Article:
Serie A resumes this weekend with Juventus’ bid for a ninth successive title under threat.
The Old Lady are top of the table with 63 points but just one point behind are Lazio, setting up what promises to be one of the closest title battles remaining in Europe.
Why have Lazio been so strong this season? And which side was in form before the coronavirus pandemic brought a halt to the campaign? BBC Sport takes a look.
Juventus have the history but Lazio have the hunger
The top two still have 12 games left to play, meaning plenty of points to play for and plenty of opportunity for Juventus to turn this into yet another comfortable title romp.
However, Lazio will undoubtedly see things differently. Before all football in Italy was suspended in March, Lazio were a side in form. Unbeaten since September, they had won 16 of their previous 18 games.
Juventus had produced an impressive win in their final game before the suspension, beating Inter 2-0 to retain top spot, but their performances this season have been far from convincing.
They scraped past bottom club SPAL 2-1 on 22 February and had lost three of their five league games before that. Last week’s goalless draw with AC Milan saw them edge through to the Coppa Italia final on the away goals rule.
But Juventus have collected titles like confetti, winning the past eight in succession, so certainly have the know-how to get the job done.
They’ve also been in similar positions before.
In 2015-16 they were chased by Napoli before going on to win the title by nine points, while in 2011-12 and 2017-18 they were second after 26 games but still finished top – both by four-point margins.
Compare that with Lazio, who have won the league just twice before, with their last success two decades ago.
But what Lazio lack in title-winning experience, they make up for in belief – underlined by an Instagram post from midfielder Sergej Milinkovic-Savic back in January when he wrote: “Two things are certain in life: death and that Lazio never gives up.”
The Immobile factor
Ciro Immobile will be itching to get back on the pitch more than most given the incredible form he was in.
With 27 goals, the Lazio striker is Serie A’s leading scorer. Before football was suspended, he was also the top scorer in Europe, outscoring Robert Lewandowski despite the Poland striker seemingly bagging hat-tricks every time he played for Bayern Munich.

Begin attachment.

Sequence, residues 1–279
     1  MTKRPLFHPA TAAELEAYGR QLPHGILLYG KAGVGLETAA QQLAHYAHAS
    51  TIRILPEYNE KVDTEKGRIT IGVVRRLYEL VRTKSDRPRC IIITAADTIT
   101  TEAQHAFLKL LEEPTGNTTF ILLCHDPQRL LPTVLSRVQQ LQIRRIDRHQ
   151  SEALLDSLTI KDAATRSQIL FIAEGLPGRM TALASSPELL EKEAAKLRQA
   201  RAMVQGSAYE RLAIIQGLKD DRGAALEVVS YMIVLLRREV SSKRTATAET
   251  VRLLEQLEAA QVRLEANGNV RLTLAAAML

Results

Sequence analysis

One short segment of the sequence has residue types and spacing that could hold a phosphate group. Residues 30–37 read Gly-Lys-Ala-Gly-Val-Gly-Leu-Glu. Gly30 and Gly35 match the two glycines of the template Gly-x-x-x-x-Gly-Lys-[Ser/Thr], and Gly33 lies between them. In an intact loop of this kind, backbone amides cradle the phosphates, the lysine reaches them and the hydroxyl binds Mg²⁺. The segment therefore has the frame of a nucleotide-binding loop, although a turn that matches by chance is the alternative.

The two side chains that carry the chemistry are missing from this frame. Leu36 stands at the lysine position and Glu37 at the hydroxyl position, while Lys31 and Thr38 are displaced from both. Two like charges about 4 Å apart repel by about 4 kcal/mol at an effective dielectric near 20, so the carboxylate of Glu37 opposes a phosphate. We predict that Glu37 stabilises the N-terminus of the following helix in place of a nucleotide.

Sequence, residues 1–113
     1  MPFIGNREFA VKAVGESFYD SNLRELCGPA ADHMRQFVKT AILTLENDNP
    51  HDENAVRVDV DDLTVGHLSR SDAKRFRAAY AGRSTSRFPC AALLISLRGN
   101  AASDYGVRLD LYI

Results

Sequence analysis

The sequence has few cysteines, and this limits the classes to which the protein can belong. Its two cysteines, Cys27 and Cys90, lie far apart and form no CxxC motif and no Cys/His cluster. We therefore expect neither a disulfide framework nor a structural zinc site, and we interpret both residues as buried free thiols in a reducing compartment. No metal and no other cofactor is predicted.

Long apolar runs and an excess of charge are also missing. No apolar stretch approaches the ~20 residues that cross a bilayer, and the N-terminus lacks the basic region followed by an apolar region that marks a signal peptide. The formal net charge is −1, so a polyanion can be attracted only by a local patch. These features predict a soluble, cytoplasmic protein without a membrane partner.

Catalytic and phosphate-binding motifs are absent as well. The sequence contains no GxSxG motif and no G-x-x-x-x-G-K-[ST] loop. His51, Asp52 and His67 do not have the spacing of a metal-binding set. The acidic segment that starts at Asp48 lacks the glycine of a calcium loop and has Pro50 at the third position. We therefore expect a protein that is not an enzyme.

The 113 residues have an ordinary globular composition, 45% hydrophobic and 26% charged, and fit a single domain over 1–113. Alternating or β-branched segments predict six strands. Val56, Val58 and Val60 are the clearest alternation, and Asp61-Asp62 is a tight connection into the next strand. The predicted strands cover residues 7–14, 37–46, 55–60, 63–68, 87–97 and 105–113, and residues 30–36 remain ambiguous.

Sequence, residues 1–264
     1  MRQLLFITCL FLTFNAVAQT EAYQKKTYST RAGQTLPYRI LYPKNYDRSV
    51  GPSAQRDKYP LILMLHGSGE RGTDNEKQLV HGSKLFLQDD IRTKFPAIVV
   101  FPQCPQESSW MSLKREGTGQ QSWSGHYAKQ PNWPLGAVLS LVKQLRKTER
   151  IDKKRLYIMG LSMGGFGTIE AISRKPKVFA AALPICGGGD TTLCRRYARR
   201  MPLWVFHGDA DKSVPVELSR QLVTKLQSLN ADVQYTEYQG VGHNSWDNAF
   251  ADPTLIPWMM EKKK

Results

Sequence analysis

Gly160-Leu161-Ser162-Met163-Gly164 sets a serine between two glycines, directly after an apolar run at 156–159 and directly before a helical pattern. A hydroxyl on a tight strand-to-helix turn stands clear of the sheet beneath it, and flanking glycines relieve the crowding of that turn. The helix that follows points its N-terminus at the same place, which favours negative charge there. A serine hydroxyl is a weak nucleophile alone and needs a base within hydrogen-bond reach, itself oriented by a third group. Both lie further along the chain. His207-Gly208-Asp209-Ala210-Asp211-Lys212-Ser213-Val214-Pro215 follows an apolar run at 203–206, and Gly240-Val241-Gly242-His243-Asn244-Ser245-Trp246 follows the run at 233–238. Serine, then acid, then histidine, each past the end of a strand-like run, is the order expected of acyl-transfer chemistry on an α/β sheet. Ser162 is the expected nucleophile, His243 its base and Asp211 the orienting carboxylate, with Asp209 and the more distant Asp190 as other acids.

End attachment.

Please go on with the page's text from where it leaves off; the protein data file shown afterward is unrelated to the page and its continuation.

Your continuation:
Lewandowski has since moved on to 31 league goals, with Bayern having secured an eighth straight league title since the Bundesliga resumed.
Immobile is in the form of his life and needs just three more goals to make this officially his most prolific domestic season of his career.
However, Juventus do have the Cristiano Ronaldo factor. The Portuguese star is on 21 goals for the season and is never one to settle for being second best.
Such is his determination to win a second Serie A title, he reportedly turned up for training last week FOUR hours before the rest of his team-mates as clubs geared up to return to play.
Immobile will need to hit the ground running again to keep a determined Ronaldo off his back.
Lazio have already got the better of Juventus this season
The first part of the season may feel like it happened before the last ice age but nevertheless, Lazio have already got the better of Juventus in the current campaign. And not just once, but twice.
In early December the two sides met at the Stadio Olimpico in Rome, with Lazio coming from behind to win 3-1.
It handed Juventus their first defeat of the season and underlined the feeling that this would be a real title battle.
But Lazio were not done there.
Three days before Christmas, the two sides met in Saudi Arabia for the Italian Super Cup final – and again Lazio triumphed 3-1.
If Simone Inzaghi’s side can make it a hat-trick of wins when they meet again on 20 July, then that could have a massive say in the title race.
Rome wasn’t built in a day
Speaking of Inzaghi, the Lazio legend has been a significant factor in this season’s sustained bid to bring the title to Rome.
When Lazio last won the league back in 2000, they were a team packed with stars such as Diego Simeone, Alessandro Nesta and Pavel Nedved.
This time, the team is not quite so loaded with big names but what Inzaghi has done over the last couple of years is patiently put together a side that is now arguably greater than the sum of its parts.
This, by and large, is the same Lazio team that finished eighth last season with a defence and midfield that regularly features four players 32 or older.
Having tinkered with formations in the past, Inzaghi settled on 3-5-2 this season and it has clicked, with every player understanding their roles and executing their tasks to near perfection.
Like England’s top-slight surprise package Sheffield United, Lazio also employ overlapping centre-backs.
It has been unexpected, but Lazio are on course to push Juventus all the way in their pursuit of a ninth consecutive Serie A title.
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